What is a thought leader? According to Forbes, thought leaders are: “… recognized as one of the foremost authorities in selected areas of specialization, resulting in its being the go-to individual or organization for said expertise. A thought leader is an individual or firm that significantly profits from being recognized as such.” (source: http://www.forbes.com/sites/russprince/2012/03/16/what-is-a-thought-leader/)
What qualifies someone as a thought leader? They are frequently sought out by their industry peers for strategy, coaching, advice, mentoring and innovation. Other leading indicators are that they are often keynote speakers at big industry conferences or events. Thought leaders tend to publish white papers, presentations or research that are virally downloaded, consumed and digested. In short, they are “go to” sources for best practices in their respective industry or area of expertise.
Beware the Charlatan! There are too many self-proclaimed thought leaders out there today. If you have to anoint yourself as a thought leader, chances are that you are not a true thought leader. True thought leaders are afforded the moniker by earning it. They don’t necessarily seek attention from their peers, rather they attract it by bringing innovative ideas and best practices to the table.
They may not be on social media… Paradoxically, some of the best thought leaders in the world actually shun social media. That’s right, I said they shun social media. They don’t have LinkedIn or Facebook profiles. They don’t Tweet. They don’t measure themselves on the number of fans, comments, likes or retweets they have on social media. That doesn’t make them introverts, it simply means that they consider the social media masses to be superficial in nature, and quite frankly, a tad boring.
How do they think of themselves? If you ask most true thought leaders to describe themselves, interestingly enough you’ll hear that they often describe themselves as perpetual students with a particular passion. What’s curious is that those who are most qualified to teach and admired will tell you that they are in fact lifelong students and obsess over learning more and deeper every day in their field or area of expertise. They tend to be much more humble than the aforementioned “Charlatans” and love to share their experiences and lesson learned. They almost consider the sharing of knowledge and experiences to be an obligation and a way of giving back to the community that they are part of and love.
Who teaches the thought leaders? Here’s the gotcha…thought leaders learn from you and me. You probably had visions of some soft-spoken monk in flowing robes on a remote mountaintop dispensing the meaning of life advice to a young protégé in a seminal moment with classical music playing in the background. And that would be wrong:-) Thought leaders learn from their peers, competitors, families, children, friends, pets and everyday experiences. The distinction is that they see things in their everyday experiences that others don’t.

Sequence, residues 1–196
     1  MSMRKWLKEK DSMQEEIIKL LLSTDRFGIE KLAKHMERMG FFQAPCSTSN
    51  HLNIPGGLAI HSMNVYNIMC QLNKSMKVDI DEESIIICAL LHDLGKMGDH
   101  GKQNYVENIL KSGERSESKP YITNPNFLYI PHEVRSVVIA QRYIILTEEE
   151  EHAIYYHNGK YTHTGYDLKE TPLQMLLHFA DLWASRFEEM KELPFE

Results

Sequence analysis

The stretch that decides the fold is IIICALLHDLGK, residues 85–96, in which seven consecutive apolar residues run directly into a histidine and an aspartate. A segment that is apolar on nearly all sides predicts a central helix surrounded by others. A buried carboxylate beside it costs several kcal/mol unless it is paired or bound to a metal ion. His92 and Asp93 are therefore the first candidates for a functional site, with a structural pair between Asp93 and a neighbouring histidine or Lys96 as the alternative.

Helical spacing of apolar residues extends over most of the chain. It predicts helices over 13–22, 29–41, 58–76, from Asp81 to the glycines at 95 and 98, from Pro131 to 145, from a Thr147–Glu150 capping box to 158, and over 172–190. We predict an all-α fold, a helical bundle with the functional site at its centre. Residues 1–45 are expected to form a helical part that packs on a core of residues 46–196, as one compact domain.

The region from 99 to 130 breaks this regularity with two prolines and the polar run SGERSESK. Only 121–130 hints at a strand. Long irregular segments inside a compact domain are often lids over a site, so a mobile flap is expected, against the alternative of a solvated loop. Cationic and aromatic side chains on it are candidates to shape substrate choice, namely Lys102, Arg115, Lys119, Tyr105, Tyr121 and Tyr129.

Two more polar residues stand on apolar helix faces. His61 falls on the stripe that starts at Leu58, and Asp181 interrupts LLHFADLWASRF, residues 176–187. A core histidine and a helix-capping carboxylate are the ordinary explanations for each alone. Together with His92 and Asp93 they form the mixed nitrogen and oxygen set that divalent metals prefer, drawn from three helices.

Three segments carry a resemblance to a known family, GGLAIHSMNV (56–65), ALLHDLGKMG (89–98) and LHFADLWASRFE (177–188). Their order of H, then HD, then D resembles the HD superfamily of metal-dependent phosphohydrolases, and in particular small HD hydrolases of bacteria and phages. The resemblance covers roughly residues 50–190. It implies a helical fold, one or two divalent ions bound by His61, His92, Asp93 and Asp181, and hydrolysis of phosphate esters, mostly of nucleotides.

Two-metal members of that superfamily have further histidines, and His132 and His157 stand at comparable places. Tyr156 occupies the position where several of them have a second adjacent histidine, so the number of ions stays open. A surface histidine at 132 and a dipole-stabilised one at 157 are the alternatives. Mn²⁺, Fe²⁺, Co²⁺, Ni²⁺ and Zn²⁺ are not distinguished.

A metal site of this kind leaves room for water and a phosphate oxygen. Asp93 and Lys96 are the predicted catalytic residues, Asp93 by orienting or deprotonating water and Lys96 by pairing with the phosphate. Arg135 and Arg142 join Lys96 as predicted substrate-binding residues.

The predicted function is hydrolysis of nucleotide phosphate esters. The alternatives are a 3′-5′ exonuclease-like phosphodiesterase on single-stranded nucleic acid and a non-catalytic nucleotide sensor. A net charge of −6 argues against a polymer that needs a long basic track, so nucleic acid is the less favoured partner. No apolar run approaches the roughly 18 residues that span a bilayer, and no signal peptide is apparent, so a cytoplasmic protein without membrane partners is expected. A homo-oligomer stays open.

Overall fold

How do they learn? They learn from their observation and personal experiences. They tend to think about things much deeper and longer than anyone else. Thought leaders have well developed discernment capabilities and the ability to glean insight through their observations and experiences that others can’t. They constantly obsess and challenge themselves to think of better ways to do things. They look for new ideas and innovation. They are not afraid to admit what they don’t know and seek others that do know. They learn by asking really smart questions. They learn by listening, observing and discerning at a level of depth that most of us mere mortals simply are not capable of. They test their theories and assertions and admit when they are wrong. They learn by constantly challenging themselves to be better and seeking those that have discovered better ways.
How do you determine whether they are a true thought leader or charlatan? By asking smart questions, listening/discerning carefully and conducting due diligence on them. Here are some smart questions to get you started:
- How would you describe yourself?
- What is your experience in your particular field or area of expertise?
- What qualifies you as an expert in your field?
- What is your biggest professional failure? What did you learn from that?
- How do you learn?
- Who do you consider as your professional mentors?
- What don’t you know about in your field that you’d really like to know?
- Who do you consider to be true innovators in your field? Why?
- What would your advice be for someone brand new to your professional field or are of expertise?
- If you could start your career all over again in the same field, what would you do differently?
Leading “Charlatan” indicators:
- People who speak at every major industry conference for years running with repurposed content but nothing fresh or innovative
- People who prodigiously publish research, white papers or books and lose touch with real world practitioners and what’s currently happening in their field
- Poor listeners
- Talk over people constantly
- Don’t ask smart or any questions
- Always act as if they are smarter than everyone else in the room
- Constantly use cliché buzzwords, acronyms and expressions
- Tell old war stories that are dated and not relevant anymore
- Never help or give back to their community
- Everything is viewed through their profit lens
Open disclaimer, I’m not a big proponent of the term thought leader. Please share your thoughts on thought leaders and your experiences with them!